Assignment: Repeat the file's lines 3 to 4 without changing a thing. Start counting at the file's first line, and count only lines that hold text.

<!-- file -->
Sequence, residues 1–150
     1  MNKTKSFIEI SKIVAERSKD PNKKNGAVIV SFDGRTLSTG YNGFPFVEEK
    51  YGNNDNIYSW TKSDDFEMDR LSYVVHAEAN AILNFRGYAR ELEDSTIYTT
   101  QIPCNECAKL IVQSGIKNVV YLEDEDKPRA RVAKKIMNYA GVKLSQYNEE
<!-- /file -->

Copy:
    51  YGNNDNIYSW TKSDDFEMDR LSYVVHAEAN AILNFRGYAR ELEDSTIYTT
   101  QIPCNECAKL IVQSGIKNVV YLEDEDKPRA RVAKKIMNYA GVKLSQYNEE